Art of Experience: Fill empty walls with mementos of your travels

Art of Experience: Fill empty walls with mementos of your travels
Ali Blackwood photo
Each photo in this gallery represents a different travel memory for Raevyn West.

Summer's long gone, but the happy memories from travels don't have to fade away. Displaying photos from vacations and voyages is a fun way to tap into those experiences, and it creates a unique display — after all, those images on your camera and phone are one-of-a-kind.

"I am not artistic at all and for me this is my own way of having something that is mine," says Raevyn West, who crafted a display in her Kendall Yards apartment using frames she found online and the template that accompanied the set. The expense was minimal — about $60 for the frame set and a few dollars for printing the photos. A friend digitally adds a location stamp to each photo.

"This is a nice way of showing my creative side in a controlled way," West says.

She chooses to pick one photo from each of her travels — in her case that's one photo per country — to create a grid. She recently added new photos to the display.

"It is sometimes impossibly hard to pick just one photo, but I try and pick the one that really brings me back to that place," she says. Originally, she planned to swap out photos, but that has proven difficult. "I love them all so much!"

The display is a good conversation starter, too. "I work remotely sometimes and I have video conferences and everyone always comments on it," she says.

West also brings back other types of art from her travels — maps are a favorite item. And she tries to get an original piece of art from each country as well. Her next destination? Peru.

"I've traveled for a long time, and that's my passion point. It is the best art I can think of," she says.

click to enlarge Art of Experience: Fill empty walls with mementos of your travels
Raevyn West photo
Prayer flags hanging in Nepal


When shooting photos, Health & Home photographer Don Hamilton suggests shooting in HDR mode on your phone if you can: "The increased dynamic range will pay great dividends in your final print." And it is best to avoid the zoom feature. "Get as close as you can to your subject and shoot full frame," then crop the image as needed later. If you are shooting with a digital single-lens reflex camera, choose the RAW setting to obtain the highest resolution. "You get fewer images on a card, but the ability to choose white balance after the fact is well worth it."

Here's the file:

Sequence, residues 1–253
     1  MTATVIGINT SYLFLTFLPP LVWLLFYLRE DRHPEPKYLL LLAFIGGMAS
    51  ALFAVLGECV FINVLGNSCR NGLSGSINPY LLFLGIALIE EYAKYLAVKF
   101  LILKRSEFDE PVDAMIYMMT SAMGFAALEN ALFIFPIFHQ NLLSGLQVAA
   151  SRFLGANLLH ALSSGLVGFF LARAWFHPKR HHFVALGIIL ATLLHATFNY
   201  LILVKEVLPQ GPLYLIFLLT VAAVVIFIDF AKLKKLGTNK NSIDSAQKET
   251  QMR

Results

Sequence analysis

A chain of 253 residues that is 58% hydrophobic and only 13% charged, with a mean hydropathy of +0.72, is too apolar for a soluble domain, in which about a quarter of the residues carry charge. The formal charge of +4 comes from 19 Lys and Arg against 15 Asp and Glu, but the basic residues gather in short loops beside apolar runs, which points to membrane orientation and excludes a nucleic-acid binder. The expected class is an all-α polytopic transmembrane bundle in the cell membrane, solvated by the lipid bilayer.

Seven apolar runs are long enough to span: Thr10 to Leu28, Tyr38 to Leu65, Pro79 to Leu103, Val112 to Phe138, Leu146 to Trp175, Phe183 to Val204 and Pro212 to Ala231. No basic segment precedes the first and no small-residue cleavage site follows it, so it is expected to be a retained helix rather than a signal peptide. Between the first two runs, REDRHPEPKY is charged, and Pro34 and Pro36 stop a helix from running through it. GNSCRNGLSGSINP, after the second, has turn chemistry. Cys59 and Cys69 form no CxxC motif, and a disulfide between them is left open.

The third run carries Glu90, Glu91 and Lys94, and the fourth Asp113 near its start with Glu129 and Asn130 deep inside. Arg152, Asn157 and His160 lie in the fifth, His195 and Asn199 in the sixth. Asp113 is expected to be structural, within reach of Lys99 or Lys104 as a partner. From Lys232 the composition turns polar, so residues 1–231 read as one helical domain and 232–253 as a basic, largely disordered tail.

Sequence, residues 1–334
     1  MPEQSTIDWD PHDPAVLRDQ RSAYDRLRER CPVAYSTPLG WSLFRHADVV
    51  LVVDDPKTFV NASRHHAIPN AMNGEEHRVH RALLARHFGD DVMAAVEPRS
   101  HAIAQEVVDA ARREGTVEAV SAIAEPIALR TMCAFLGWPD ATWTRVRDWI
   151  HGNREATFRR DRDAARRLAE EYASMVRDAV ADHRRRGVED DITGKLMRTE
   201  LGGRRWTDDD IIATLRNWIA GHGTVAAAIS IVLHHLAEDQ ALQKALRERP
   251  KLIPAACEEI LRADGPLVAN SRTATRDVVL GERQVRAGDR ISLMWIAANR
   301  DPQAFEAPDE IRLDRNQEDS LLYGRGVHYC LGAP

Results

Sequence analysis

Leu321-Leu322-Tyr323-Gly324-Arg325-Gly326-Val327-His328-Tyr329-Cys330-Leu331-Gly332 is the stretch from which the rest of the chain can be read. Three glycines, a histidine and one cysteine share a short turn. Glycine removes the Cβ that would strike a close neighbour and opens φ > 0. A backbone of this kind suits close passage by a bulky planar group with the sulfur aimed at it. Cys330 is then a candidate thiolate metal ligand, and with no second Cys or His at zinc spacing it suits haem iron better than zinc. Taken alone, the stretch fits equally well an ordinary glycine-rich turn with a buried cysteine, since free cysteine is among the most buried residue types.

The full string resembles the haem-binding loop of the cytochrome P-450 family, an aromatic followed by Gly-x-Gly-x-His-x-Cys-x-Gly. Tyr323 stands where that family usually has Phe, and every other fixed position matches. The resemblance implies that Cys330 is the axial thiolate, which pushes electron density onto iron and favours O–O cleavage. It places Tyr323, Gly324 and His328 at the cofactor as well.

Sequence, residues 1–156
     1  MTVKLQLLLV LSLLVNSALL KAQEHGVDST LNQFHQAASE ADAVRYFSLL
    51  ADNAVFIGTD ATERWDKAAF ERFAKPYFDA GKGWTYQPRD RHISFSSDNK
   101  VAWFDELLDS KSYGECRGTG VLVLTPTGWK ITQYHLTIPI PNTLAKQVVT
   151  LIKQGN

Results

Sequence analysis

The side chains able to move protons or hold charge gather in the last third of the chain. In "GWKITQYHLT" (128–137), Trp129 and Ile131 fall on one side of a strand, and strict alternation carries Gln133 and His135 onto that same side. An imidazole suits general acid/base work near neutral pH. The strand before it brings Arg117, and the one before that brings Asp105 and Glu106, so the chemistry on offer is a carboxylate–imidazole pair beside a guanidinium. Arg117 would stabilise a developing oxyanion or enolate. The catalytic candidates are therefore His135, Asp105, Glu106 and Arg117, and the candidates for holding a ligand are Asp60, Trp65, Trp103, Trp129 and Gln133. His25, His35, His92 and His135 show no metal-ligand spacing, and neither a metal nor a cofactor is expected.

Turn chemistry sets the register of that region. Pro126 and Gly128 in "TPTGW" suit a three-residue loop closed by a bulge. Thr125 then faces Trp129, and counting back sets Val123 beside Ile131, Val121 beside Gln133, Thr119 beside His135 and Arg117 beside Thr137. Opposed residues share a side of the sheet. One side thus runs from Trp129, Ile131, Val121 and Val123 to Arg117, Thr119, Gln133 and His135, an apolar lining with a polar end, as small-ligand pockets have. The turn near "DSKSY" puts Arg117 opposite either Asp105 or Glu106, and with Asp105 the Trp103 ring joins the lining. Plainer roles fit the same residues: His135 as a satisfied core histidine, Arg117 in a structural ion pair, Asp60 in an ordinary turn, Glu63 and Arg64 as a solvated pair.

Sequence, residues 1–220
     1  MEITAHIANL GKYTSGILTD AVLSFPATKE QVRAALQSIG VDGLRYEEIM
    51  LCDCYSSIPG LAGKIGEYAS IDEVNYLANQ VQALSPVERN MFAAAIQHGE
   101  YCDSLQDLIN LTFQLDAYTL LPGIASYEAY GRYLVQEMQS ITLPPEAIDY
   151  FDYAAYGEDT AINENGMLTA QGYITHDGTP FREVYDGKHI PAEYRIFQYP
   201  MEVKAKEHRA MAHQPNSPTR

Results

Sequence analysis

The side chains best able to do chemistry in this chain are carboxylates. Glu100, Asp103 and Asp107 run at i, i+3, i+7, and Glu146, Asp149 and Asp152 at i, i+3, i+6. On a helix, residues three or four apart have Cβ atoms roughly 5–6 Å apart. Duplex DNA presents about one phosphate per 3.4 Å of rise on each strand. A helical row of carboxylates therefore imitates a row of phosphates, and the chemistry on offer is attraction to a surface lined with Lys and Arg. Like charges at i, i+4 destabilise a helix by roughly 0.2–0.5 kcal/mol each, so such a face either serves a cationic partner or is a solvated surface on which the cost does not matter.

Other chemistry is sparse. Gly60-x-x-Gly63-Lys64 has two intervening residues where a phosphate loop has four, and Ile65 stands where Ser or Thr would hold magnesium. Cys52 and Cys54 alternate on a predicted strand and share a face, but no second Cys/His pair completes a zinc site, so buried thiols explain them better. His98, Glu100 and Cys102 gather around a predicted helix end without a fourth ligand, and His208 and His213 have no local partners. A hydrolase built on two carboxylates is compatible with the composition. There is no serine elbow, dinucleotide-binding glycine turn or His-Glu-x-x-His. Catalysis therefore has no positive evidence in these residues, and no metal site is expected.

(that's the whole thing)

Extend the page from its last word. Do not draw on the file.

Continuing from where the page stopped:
In choosing photos, Inlander and Health & Home photographer Young Kwak says to silence the inner critic: "Choose photos that look good to you. If there are a few photos that you absolutely love but aren't necessarily the best, don't be afraid to display them. You have to live with them, so you should be happy."

In photo displays, Hamilton and Kwak agree: The best way to display photos is in a black frame with a white matte. Be sure to choose acid free, archival mattes. "This suits me for both black and white, and color," says Hamilton. "Your work will look better if it's finished as it would be in a museum or gallery." For smaller photos, Kwak recommends the same framing treatment, with the photos organized in a "random, puzzle-like design." He adds that using a level and a chalk line or string can be helpful in making sure multiple photos are in line and level.

"I also like canvas prints, self-framed on stretcher bars," says Hamilton. For a sample of this technique, check out his canvas print portraits displayed in the Musicians Gallery in Spokane's Fox Theater.

Chad "Little Coyote" Yellowjohn: Masked Preservation @ SFCC Fine Arts Gallery

Mondays-Fridays, 8:30 a.m.-3:30 p.m. Continues through Oct. 25
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About The Author

Anne McGregor

Anne McGregor is a contributor to the Inlander and the editor of InHealth. She is married to Inlander editor/publisher Ted S. McGregor, Jr.